EVERETT — Gov. Jay Inslee has appointed two new Snohomish County Superior Court judges, one a civil litigator and the other already a court commissioner.
The two new judges bring the court’s total to 17, as officials look to address a backlog of criminal and civil cases. Last month, over 1,400 criminal cases remained pending in Superior Court, according to the prosecutor’s office. Thousands more civil and domestic cases were in need of a judge.
State lawmakers unanimously approved the funding earlier this year for two more Superior Court judges to help get through the backlog. Presiding Judge George Appel said the court already needed more judges prior to COVID-19 wreaking havoc on the criminal justice system. A 2020 analysis by the state Administrative Office of the Courts found Snohomish County needed about 1½ more judges.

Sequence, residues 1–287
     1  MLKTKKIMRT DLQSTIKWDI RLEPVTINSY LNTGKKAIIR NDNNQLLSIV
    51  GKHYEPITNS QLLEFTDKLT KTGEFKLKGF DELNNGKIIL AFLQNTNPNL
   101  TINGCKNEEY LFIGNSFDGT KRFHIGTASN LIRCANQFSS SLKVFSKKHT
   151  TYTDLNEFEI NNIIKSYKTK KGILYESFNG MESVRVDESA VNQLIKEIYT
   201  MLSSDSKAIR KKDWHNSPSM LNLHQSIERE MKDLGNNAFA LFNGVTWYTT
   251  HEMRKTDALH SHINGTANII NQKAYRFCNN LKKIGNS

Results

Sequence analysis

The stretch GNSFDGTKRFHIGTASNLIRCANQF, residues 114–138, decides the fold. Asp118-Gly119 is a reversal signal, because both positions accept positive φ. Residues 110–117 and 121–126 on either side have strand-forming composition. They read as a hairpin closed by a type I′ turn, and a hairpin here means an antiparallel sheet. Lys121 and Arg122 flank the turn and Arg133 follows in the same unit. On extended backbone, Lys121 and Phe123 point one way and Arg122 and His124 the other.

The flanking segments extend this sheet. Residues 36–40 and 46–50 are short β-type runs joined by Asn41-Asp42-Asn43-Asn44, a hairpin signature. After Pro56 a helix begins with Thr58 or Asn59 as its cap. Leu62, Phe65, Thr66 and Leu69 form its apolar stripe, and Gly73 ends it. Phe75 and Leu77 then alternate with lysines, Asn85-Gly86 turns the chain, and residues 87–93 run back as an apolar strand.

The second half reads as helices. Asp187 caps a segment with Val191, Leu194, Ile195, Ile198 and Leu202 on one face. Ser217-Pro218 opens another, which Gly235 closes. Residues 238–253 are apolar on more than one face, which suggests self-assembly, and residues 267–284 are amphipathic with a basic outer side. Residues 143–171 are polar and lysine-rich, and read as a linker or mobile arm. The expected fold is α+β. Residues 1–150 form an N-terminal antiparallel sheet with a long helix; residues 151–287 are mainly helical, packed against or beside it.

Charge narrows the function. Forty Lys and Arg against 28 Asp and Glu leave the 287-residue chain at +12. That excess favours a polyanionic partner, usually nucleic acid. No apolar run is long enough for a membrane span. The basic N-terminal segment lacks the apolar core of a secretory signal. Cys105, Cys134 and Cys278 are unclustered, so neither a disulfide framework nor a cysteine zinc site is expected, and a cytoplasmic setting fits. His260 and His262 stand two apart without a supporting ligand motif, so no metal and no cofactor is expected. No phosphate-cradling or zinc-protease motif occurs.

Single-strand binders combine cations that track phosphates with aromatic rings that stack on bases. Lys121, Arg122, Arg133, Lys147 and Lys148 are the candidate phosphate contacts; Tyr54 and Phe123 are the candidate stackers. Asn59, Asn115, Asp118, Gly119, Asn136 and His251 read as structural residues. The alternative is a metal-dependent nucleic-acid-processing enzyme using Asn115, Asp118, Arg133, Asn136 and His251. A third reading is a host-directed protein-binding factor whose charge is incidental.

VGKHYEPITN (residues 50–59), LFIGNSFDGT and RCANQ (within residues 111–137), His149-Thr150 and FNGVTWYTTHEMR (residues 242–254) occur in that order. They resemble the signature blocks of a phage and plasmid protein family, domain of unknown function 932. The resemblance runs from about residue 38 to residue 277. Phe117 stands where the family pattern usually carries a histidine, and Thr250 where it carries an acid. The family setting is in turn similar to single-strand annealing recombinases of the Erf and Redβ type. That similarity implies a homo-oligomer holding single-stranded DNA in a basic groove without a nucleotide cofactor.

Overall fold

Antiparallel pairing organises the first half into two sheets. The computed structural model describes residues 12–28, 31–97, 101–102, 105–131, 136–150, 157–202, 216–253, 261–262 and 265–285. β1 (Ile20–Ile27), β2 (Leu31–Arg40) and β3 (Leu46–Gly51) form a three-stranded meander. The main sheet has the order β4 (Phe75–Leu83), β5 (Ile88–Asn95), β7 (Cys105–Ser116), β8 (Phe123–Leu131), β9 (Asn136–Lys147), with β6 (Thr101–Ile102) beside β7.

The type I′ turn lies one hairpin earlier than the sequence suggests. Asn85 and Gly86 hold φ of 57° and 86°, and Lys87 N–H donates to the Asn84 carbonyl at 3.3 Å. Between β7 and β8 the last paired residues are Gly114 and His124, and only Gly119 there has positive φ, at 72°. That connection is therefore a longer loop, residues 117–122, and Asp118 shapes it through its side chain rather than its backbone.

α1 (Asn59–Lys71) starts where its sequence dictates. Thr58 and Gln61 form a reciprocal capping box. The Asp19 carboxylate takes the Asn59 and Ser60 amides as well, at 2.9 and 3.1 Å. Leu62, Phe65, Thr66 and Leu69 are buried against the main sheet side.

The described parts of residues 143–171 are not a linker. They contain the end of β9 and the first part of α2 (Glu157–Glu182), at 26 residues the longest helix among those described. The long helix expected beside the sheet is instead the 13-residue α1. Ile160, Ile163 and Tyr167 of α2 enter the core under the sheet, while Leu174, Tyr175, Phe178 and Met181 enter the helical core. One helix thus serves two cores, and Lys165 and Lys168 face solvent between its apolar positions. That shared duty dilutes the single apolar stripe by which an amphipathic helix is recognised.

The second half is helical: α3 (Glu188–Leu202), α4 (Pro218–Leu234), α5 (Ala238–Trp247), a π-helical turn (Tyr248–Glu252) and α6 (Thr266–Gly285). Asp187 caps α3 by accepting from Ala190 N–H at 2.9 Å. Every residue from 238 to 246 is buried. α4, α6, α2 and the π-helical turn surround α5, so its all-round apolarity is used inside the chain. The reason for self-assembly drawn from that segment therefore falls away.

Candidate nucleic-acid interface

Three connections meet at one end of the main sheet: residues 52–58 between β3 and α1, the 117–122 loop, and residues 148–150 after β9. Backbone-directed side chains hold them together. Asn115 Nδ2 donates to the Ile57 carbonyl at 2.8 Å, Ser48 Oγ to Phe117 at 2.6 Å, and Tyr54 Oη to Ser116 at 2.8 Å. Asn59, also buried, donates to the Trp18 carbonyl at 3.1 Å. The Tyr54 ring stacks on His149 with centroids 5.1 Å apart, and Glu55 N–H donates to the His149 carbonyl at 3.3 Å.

On May 25, Inslee appointed Miguel Duran, a civil litigator with Seattle-based Wilson Smith Cochran Dickerson. He co-founded the firm’s Diversity, Equity and Inclusion Committee. Before joining the firm in 2019, he worked as a trial attorney for Allstate and on employment disputes for Service Employees International Union Local 925. And from 2008 to 2013, he was a public defender in Everett and Seattle.
On the volunteer side, he has judged youth mock trial programs, according to the governor’s office.
Duran received his bachelor’s degree from the University of Texas and his law degree from the New York University School of Law.
“Miguel has the skills and breadth of professional experience — including jury trial experience — to flourish as a judicial officer and help the court address its needs,” Inslee said in a statement.
And on June 10, Inslee appointed Patrick Moriarty, who has been a Superior Court commissioner since 2018. That position is different from a judge in that it only oversees family law, probate and other proceedings. Before that, he worked privately in criminal defense and family law throughout Snohomish County. And he also prosecuted cases as assistant city attorney for Seattle from 1999 to 2001, according to his LinkedIn.
He got his bachelor’s from the University of Massachusetts and his law degree from the Western New England College School of Law.